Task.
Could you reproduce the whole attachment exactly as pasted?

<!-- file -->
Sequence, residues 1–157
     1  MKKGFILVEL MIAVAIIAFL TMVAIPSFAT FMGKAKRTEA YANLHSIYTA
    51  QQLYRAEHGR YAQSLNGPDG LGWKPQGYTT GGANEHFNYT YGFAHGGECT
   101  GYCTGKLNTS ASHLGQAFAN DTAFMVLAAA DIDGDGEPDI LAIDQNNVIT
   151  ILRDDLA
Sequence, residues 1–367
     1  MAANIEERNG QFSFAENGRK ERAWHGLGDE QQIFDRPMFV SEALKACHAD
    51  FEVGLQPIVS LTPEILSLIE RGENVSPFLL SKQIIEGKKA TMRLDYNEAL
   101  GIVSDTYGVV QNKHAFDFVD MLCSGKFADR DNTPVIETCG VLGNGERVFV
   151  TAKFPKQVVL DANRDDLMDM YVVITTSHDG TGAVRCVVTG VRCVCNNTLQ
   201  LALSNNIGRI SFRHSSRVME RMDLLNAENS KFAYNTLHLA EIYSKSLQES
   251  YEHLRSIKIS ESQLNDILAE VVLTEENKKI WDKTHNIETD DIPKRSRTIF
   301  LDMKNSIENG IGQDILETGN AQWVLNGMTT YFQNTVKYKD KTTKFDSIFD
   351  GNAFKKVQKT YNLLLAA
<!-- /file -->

Sequence, residues 1–157
     1  MKKGFILVEL MIAVAIIAFL TMVAIPSFAT FMGKAKRTEA YANLHSIYTA
    51  QQLYRAEHGR YAQSLNGPDG LGWKPQGYTT GGANEHFNYT YGFAHGGECT
   101  GYCTGKLNTS ASHLGQAFAN DTAFMVLAAA DIDGDGEPDI LAIDQNNVIT
   151  ILRDDLA
Sequence, residues 1–367
     1  MAANIEERNG QFSFAENGRK ERAWHGLGDE QQIFDRPMFV SEALKACHAD
    51  FEVGLQPIVS LTPEILSLIE RGENVSPFLL SKQIIEGKKA TMRLDYNEAL
   101  GIVSDTYGVV QNKHAFDFVD MLCSGKFADR DNTPVIETCG VLGNGERVFV
   151  TAKFPKQVVL DANRDDLMDM YVVITTSHDG TGAVRCVVTG VRCVCNNTLQ
   201  LALSNNIGRI SFRHSSRVME RMDLLNAENS KFAYNTLHLA EIYSKSLQES
   251  YEHLRSIKIS ESQLNDILAE VVLTEENKKI WDKTHNIETD DIPKRSRTIF
   301  LDMKNSIENG IGQDILETGN AQWVLNGMTT YFQNTVKYKD KTTKFDSIFD
   351  GNAFKKVQKT YNLLLAA